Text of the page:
Things are changing in Grace's life and she's having trouble adjusting. The book features a great female friendship which I loved. Grace is having some family problems. I didn't quite get the motivations of some of her family members, and sometimes I wanted to slap them hard in the face for treating Grace badly. There were other times in the book though when I quite liked the family members. Grace has a mother and a father, and a younger sister.

I also loved the relationship between Grace and her horse Mabel. The horse lives at the stables and they're kind of Grace's safe place. While I'm very allergic to horses myself and haven't much been in their vicinity, nor do I feel the need to, I loved reading about Mabel and how much Grace loved her and the relationship between the two of them.

Grace likes this boy, Gabe, but I wish we had seen more of his character. As it was, I got to know Grace really well, but I didn't get to know Gabe that well. I feel his character could've been better developed.

I didn't like Holly's character, but mean girls do exist so in that sense it's realistic. I just wanted to slap her in the face and tell her to be nice to Grace or just GTFO.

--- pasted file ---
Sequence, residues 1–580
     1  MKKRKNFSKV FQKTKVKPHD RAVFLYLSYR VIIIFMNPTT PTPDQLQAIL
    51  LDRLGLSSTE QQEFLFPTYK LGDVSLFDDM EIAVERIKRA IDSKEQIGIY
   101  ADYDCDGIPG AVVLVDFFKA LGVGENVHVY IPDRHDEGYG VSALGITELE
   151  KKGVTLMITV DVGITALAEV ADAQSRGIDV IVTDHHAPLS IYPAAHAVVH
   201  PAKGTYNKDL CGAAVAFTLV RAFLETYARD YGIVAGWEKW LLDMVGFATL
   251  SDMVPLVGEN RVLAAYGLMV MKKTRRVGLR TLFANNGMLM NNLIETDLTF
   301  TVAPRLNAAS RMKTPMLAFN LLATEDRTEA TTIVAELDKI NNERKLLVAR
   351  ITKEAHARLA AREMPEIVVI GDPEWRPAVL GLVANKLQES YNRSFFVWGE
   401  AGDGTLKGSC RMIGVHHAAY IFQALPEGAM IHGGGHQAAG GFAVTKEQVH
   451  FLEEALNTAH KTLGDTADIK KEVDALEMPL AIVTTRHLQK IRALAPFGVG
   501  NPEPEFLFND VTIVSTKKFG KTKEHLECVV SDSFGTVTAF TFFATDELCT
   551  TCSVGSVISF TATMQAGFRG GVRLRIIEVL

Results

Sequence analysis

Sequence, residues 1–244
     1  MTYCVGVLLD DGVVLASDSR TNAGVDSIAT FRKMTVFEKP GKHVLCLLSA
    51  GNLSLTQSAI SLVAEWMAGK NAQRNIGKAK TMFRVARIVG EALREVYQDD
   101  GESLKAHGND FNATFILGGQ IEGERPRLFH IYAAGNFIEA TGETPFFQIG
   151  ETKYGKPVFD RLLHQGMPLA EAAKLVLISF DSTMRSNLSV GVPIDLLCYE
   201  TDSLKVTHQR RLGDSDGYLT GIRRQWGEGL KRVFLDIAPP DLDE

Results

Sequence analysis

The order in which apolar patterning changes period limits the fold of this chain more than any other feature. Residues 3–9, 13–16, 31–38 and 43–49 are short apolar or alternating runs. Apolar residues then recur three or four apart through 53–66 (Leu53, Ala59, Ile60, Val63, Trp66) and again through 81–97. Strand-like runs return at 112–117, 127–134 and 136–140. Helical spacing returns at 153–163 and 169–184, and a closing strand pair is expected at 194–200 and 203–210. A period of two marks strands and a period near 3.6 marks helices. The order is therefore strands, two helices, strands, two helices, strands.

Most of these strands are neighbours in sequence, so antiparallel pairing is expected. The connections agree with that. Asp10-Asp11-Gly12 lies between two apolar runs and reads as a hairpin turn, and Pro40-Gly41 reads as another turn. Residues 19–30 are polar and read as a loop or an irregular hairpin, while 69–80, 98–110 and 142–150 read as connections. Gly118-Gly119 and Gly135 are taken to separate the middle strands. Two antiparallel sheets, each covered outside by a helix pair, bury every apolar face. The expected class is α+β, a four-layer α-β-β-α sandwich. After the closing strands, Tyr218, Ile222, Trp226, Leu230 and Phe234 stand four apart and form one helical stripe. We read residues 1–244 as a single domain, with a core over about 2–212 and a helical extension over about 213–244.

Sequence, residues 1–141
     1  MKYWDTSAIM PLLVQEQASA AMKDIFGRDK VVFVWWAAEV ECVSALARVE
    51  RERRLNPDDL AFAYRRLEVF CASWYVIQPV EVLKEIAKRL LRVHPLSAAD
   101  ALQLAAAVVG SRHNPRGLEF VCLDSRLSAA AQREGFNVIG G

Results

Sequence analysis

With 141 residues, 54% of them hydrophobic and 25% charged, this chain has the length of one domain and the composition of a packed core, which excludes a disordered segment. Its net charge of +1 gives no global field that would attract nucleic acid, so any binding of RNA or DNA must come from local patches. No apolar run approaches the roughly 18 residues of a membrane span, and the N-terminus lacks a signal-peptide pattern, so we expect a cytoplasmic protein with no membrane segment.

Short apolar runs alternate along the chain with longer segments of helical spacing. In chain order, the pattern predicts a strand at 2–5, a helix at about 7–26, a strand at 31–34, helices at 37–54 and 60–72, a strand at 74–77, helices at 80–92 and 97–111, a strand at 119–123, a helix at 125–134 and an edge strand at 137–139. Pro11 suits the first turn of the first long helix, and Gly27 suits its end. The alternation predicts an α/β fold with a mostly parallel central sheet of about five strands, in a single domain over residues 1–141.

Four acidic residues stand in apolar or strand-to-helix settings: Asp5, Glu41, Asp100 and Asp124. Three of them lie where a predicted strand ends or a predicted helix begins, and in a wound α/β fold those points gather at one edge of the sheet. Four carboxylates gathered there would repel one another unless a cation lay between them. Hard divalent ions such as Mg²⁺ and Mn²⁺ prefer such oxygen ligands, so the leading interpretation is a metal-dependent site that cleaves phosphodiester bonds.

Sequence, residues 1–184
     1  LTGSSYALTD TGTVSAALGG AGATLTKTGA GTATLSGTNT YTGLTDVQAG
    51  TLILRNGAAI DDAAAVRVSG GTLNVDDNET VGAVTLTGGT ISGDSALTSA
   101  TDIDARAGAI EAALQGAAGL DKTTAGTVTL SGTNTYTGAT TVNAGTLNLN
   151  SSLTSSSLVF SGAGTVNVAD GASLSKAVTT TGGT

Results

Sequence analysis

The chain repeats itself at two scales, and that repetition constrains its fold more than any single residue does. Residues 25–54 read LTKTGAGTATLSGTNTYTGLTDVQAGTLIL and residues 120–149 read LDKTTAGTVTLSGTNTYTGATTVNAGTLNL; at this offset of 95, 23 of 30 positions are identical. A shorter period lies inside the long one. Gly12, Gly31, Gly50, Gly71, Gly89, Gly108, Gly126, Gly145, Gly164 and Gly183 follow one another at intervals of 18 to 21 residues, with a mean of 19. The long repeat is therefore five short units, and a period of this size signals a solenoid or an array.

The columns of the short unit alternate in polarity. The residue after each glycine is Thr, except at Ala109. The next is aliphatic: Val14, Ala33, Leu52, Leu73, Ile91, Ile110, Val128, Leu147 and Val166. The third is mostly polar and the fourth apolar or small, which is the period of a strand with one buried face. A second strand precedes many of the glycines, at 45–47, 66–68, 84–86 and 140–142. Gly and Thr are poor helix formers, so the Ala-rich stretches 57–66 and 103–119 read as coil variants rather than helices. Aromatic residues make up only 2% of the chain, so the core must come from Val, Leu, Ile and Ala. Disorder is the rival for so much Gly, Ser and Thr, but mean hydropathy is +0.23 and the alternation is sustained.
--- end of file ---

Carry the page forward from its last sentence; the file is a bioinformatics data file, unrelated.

The quote from the book on the back says:

"Sometimes I feel like everyone else was handed a copy of the rules for life and mine got lost."

This is exactly how I've been feeling all my life, and I've used a very similar version of this sentence, albeit in Dutch, when I was younger, to try to explain how I felt.

While I agree that this isn't the perfect read for everyone, I personally loved reading this story because of how much I identified with Grace and how well the story detailed Grace's life and how her autism influences that (and particularly the sensory overload, as this is a huge problem for me). I wish we'd know a bit more of Gabe, but that doesn't take away from the fact that I loved reading this book. It's not a very suspenseful book or anything, but I loved feeling understood. I can't think of too many fictional books that get sensory overload right (also because #OwnVoices vs. written by an 'outsider'). This book (along with Queens of Geek, which I read recently) has made it onto my favourites list.

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That's nice to hear :). I hope you like it if / when you get to it :).